Mutagenicity. Single exposure of the substance in a battery of mammalian or bacterial cells is used to assess the potential for causing mutations in the DNA, and the clastogenicity (i.e., chromosomal rearrangements) in whole animals.

Teratology. The substance is given to pregnant rats and/or rabbits during the gestational period to assess the potential for the substance to cause birth defects.

Reproductive Toxicity. The substance is given to the test animal during gametogenesis (i.e., the period of time when sperm and oocytes are formed), gestation, and throughout the lifespan of the two succeeding generations to assess the potential to cause reduced conception, litter size, fertility, etc.

Neurobehavioral Toxicity/Immunotoxicity. The substance is fed to the test animal, in varying durations of exposure, to assess changes in neurobehavioral and immunological endpoints. Relevancy of many of the animal endpoints to human risk is somewhat tenuous, especially for immunotoxicity studies.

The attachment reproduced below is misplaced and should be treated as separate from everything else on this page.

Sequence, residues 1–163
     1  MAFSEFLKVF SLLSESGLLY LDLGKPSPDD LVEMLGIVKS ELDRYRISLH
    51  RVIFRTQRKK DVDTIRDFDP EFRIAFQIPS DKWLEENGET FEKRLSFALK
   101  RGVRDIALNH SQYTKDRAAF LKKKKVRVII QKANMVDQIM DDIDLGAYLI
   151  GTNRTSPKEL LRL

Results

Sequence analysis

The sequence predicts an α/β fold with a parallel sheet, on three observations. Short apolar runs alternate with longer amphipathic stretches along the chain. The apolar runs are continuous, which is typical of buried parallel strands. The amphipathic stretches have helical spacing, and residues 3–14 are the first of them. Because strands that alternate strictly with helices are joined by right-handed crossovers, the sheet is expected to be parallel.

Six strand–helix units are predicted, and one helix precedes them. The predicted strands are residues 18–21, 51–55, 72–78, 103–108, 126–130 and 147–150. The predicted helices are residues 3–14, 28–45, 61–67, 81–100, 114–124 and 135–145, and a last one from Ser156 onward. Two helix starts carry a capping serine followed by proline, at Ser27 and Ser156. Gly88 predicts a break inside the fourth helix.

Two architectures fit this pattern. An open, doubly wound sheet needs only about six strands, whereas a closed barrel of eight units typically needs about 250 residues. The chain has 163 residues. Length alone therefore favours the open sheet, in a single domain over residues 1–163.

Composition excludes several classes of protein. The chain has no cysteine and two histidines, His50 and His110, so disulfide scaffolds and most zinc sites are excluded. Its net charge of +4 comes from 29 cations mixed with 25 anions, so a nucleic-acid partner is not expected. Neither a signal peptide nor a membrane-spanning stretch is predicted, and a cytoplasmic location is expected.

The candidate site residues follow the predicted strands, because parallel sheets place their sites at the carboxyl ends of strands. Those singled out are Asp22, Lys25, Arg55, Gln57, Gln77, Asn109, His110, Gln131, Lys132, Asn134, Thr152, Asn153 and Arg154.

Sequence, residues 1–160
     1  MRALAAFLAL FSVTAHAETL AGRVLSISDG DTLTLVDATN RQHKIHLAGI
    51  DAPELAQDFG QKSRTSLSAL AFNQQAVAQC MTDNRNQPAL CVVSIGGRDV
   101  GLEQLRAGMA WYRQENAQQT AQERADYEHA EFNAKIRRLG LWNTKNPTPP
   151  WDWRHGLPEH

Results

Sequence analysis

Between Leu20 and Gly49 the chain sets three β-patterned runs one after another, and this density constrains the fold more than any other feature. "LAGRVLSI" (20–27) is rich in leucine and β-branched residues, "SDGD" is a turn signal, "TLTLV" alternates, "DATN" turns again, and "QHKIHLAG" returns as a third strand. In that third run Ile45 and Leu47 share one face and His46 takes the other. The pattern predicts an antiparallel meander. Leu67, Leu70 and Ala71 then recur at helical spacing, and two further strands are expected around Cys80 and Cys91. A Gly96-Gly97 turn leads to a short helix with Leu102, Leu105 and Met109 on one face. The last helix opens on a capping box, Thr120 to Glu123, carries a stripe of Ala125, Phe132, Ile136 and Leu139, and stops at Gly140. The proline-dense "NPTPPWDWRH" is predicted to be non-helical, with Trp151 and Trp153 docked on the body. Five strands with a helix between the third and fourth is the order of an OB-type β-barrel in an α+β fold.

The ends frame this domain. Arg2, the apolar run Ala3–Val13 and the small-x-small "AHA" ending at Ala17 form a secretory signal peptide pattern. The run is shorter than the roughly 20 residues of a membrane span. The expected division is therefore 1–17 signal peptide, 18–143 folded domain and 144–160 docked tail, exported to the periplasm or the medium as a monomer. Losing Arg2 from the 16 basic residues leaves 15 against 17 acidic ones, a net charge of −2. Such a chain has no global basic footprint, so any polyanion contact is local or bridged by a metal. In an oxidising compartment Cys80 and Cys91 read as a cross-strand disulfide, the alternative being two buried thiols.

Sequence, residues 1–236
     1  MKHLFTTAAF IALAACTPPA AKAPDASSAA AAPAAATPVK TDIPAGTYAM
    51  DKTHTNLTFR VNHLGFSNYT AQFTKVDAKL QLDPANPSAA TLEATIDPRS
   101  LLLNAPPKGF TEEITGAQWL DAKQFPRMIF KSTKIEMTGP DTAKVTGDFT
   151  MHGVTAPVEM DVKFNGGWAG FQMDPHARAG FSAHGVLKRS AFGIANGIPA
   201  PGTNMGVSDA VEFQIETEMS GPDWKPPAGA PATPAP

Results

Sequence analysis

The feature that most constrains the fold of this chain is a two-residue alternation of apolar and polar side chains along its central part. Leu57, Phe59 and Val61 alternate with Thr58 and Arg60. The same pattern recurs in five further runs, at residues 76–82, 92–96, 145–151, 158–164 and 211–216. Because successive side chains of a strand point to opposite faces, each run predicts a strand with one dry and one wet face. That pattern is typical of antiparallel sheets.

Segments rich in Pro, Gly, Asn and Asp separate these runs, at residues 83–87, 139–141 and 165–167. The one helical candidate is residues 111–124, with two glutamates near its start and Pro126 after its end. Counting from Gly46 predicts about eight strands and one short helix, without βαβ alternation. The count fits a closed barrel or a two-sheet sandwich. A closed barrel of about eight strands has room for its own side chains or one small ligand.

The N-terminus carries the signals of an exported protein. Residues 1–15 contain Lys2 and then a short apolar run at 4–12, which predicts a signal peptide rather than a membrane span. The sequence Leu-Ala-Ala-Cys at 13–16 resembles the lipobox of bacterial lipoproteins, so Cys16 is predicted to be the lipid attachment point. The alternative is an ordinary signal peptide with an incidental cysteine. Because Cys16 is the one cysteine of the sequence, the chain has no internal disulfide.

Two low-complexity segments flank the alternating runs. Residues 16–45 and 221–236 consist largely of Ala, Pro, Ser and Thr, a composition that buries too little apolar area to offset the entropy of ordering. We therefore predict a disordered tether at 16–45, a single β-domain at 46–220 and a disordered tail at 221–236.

Allergenicity. The substance is given to test animals to assess the allergenicity potential of the substance. However, in general, animal models for allergenic response via the oral route of administration are largely irrelevant to human allergenicity potential. In vitro tests of the substances against sera from persons of known related allergies are currently the best method to assess human risk.

Clinical Studies. The test substance is given repeatedly to human volunteers, in varying durations of exposure or doses, to assess their tolerance, clinical chemistry, excreta, etc., and to derive data for any intended marketing claims related to the nutritional and other beneficial physiological effects of the substance.

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Dr. Sandy Bigelow, Ph.D., is a Board Certified Toxicologist and a Research & Development Professional with over 20 years of experience in leading global technology responsibilities in the food, nutrition, personal care, and medical device industries. He has a proven ability to craft product opportunities based on the safety and efficacy of novel proprietary, bioactive ingredients used in food, nutritionals, personal care, medical device, and pharmaceutical products.